5 signs you are being taken advantage of at work

How to counter this and stay a winner at the workplace.

Space
By
Sankar Pillai
August 13, 2020

It’s a good feeling when you find yourselves inadvertently becoming the go to person when critical work issues crop up at the workplace. From your manager to your co-workers, everyone lines up at your cubicle when the alarm bells ring and it’s time to scramble.

But has it ever been that these instances have started recurring consistently in a manner that is unnerving to say the least? To the extent you are slowly beginning to believe you are not just the top worker when it comes to handling emergencies, but possibly the only worker to do so, in a fairly well-staffed office space, with colleagues in attendance who share your job profile.

Just sit up and think then, if you are being taken advantage of at the workplace. And if you feel you are, it’s time to take action, and quickly.

These 5 steps will tell you how.

  1. Get them to thank you

It’s one thing to be saddled with the work chores of other colleagues, it’s another thing when these tasks are executed flawlessly and delivered on time by you without as much as a thank you for your efforts. Make it a point therefore to trumpet and call out the work you completed over the course of the week during your weekly meetings. Make a list of everything you’ve accomplished over the course of the week and put it out there so your manager is coerced into recognizing you for your efforts, as are your deviant colleagues.

  1. Overtime? Sometimes

Let’s be frank, there’s no joy in staying back late and working into the wee hours to finish a task, unless you happen to be a workaholic. Be that as it may, as a team player you will be asked to do so every now and then, as the turnkey projects come through and your manager turns to his go to guy.

However, if this is a common occurrence you will have to evaluate if the workload is being compensated. If it’s not raise the red flag by letting your manager know so in a closed door meeting. Tell him you may not be able to deliver your peak performance if you are constantly being overworked and make him aware that the dangers of a workplace burnout are very, very real. Ensure he sees the light and backs off from putting you in chains each time a task requires overtime, or at the least that he compensates you for your efforts.

  1. Job profile? What’s that?

Workers who put their heads down and generally accept all tasks from the management regardless of whether these chores fit their job profiles or not are more often not considered the go to guy, but a doormat, in a competitive dog eat dog work environment. If you fall into this category, sit up and learn when to say no.

Be very aware of what your job profile entails, take on tasks that are outside of this every once in a while, especially if it’s a request that comes from your boss and is for the common good of the team and the organization. However this needs to be the exception rather than the rule. Be sure of how much you step out of your way to help others along, and if your manager is constantly needling you with menial chores, it’s probably time for that closed door meeting once again.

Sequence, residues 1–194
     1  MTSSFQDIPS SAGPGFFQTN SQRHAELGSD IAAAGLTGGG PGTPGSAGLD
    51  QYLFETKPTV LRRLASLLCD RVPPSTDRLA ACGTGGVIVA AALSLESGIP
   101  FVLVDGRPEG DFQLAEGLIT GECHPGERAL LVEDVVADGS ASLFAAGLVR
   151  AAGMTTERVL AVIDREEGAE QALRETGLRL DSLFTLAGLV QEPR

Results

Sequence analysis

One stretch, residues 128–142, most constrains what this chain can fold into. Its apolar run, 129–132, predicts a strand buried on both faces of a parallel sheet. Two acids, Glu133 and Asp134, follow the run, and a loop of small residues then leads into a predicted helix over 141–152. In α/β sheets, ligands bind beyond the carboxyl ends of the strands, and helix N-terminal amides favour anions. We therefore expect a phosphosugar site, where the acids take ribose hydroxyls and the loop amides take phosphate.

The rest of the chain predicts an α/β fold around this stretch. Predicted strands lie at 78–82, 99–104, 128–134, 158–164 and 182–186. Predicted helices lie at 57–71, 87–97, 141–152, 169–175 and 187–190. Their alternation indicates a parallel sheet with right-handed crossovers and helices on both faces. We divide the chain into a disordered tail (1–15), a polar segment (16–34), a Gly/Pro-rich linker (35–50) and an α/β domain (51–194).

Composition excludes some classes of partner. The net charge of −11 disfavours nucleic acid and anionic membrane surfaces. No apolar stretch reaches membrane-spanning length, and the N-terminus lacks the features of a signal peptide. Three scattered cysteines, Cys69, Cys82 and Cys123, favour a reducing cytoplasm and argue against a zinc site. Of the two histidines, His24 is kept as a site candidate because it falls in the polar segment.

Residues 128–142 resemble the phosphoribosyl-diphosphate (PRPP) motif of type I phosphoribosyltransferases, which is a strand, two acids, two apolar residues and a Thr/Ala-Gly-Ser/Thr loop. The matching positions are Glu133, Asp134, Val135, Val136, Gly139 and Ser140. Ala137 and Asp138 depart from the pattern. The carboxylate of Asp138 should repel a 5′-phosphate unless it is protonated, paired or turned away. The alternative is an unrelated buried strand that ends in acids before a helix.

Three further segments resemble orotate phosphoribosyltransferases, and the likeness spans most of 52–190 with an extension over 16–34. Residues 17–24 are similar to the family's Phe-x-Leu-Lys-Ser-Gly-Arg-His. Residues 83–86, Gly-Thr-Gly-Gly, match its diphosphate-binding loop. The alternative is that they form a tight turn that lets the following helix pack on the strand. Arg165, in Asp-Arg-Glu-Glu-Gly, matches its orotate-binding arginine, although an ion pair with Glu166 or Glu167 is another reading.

1. Raise your voice for that raise

A lot of water has passed under the bridge since your job interview and your first, second and umpteen successful assignments later were all acknowledged by the team, but there’s still no sign of that elusive raise or the new job title you were promised by the boss. If either of these are not forthcoming, it’s time to play tough and get your boss to put a date to when either the raise or the promotion are expected, or both. If your boss is forced to say that it will be difficult to action either, it’s time you took your skillsets elsewhere.

  1. Your achievements are yours alone

You are expected to be a team player and what you achieve on the job reflects well on the bottom line for your department and the organisation. This does not mean that your achievements are there for others to take ownership of. And this can be an especially dangerous trait if your boss steals the limelight each time you endeavour to complete a task successfully. Take ownership of your achievements and let your manager know however subtly that a task completed successfully or an idea pitched on point was yours. It’s possible your manager forgot, but then again it’s equally possible that he did not.

There are ample opportunities for you to not be recognised for your accomplishments on the job. In these instances, it’s okay to forgive once or twice. Anymore and you are just wasting your time. Gather yourselves and start looking at pastures anew.

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